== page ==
It’s a Wonderful Life

It’s a Wonderful Life – 1946 – dir. Frank Capra

“You know, George, I feel that in a small way, we’re doing something important…” –Peter Bailey.

For me, this one line sums up the entire film. No matter what it is we dream of doing, the truly important things are those that we have already accomplished.

George Bailey (James Stewart) is a man who dreams of greatness; of building skyscrapers and travelling the world. Instead of sailing the seven seas or even going to college, George remains rooted in his small hometown, running the family business and married with children. He barely makes enough money to survive, yet he constantly helps others in the town of Bedford Falls to live better lives.

George really does have a wonderful life; he just simply refuses to see it.  He’s only truly equipped with the capacity to see what he doesn’t have, what he missed out on and things that might have been. George voluntarily carries the weight of the world on his shoulders. The inherent flaw within the character of George Bailey is that he is blinded by envy and a deep desire to branch out of Bedford Falls. He is envious of those who have gone to college, including his wife Mary (Donna Reed); and of those who have travelled. And this prevents him from seeing just exactly what kind of life he truly has. It’s almost as though he goes through his life with blinders on.

George does have to constantly fight off Henry F. Potter (Lionel Barrymore) in order to prevent him from taking over the entire town. George is frustrated at almost every turn, and the only other character who seems bothered by this fact is Potter. Why? The only place that George seems to feel any sort of pride in at all is the Building and Loan; which he fights for at any cost. It is also the only source of Potter’s frustration because his empire cannot be complete as long as the Baileys are still standing.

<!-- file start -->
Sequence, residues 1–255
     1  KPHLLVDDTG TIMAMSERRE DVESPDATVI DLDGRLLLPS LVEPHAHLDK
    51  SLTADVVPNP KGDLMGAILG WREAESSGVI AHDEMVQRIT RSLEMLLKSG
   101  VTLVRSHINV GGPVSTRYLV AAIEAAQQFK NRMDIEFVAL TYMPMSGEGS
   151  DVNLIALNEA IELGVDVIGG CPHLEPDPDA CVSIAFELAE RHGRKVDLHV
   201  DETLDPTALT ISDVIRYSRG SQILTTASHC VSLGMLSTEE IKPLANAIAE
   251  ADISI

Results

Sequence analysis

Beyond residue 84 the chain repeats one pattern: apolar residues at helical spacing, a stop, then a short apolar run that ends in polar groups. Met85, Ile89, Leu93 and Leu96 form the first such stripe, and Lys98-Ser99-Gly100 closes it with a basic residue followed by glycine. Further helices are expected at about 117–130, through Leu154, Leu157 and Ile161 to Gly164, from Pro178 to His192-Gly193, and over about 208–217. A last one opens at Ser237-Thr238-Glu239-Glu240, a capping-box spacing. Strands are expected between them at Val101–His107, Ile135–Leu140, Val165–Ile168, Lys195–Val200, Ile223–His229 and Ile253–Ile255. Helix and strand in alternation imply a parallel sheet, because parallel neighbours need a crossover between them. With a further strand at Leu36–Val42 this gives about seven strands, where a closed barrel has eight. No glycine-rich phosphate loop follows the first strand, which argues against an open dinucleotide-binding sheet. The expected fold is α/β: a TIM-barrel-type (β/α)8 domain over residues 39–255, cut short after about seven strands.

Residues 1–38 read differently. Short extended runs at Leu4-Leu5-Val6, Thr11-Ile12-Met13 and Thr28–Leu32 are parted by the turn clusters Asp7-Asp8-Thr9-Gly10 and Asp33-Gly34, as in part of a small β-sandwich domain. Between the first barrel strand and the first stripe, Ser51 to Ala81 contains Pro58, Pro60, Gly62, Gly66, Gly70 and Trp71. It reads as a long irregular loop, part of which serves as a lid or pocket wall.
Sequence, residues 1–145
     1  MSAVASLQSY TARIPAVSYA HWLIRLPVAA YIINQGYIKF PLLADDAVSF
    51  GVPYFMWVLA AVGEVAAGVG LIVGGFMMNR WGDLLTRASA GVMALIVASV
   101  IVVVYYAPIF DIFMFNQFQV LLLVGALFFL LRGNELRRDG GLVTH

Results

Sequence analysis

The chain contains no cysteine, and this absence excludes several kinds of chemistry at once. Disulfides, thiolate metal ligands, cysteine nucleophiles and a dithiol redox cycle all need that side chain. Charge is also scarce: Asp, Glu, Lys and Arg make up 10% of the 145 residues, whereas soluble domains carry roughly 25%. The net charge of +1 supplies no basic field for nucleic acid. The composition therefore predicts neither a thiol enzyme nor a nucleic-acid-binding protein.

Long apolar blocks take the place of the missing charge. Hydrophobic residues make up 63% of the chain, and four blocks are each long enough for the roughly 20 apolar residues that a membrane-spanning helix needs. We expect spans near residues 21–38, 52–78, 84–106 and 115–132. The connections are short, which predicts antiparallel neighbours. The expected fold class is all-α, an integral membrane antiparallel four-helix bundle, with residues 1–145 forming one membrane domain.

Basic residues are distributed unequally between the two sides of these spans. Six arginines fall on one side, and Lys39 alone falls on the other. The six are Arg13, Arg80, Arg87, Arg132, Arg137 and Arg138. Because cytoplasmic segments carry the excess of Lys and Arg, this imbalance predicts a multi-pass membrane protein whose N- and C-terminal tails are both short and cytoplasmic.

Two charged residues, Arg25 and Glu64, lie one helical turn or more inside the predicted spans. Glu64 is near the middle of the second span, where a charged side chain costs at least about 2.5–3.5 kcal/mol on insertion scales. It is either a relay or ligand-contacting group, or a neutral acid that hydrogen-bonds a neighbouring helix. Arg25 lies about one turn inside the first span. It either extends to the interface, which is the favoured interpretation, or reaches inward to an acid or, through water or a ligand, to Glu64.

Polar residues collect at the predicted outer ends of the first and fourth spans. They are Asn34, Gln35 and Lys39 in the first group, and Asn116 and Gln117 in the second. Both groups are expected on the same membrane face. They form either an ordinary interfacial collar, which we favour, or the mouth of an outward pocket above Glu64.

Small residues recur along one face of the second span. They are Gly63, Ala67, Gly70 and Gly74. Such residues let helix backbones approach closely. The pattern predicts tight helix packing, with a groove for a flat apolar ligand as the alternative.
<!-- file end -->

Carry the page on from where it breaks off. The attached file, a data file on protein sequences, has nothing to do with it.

Then $8000 goes missing (ok, so Potter stole it), and George realizes he’ll be held responsible. A warrant is issued for his arrest. The company he’d worked so hard to keep afloat is about to founder and George, with no other choice, turns to Potter for help. When he’s denied, George contemplates suicide. The enormous weight that George chooses to carry on his shoulders has finally done him in.

For me, the last twenty minutes of the film are the most poignant.  Instead of ending his life, George saves the life of an angel named Clarence (Henry Travers). He’s spent his life saving others, so this one moment hardly changes his mind. “I’m worth more dead than alive…” he insists as he clings to his life insurance policy.  So, George is given the rare opportunity to see what life would be like if he had never been born.

The town would have been completely taken over by Potter (even the name would be different); people would live in slums; crime would run rampant; his wife would become an old maid; his children wouldn’t exist; his home would be a broken-down old building; his mother would have lost her only son Harry when he was a child because there was no one to pull him out of thin ice; the pharmacist would have gone to prison for poisoning a child.

George is terrified by the vast differences and finally comes to realize that he actually does have a good life without building tall skyscrapers or travelling the world. And even without the money that went missing.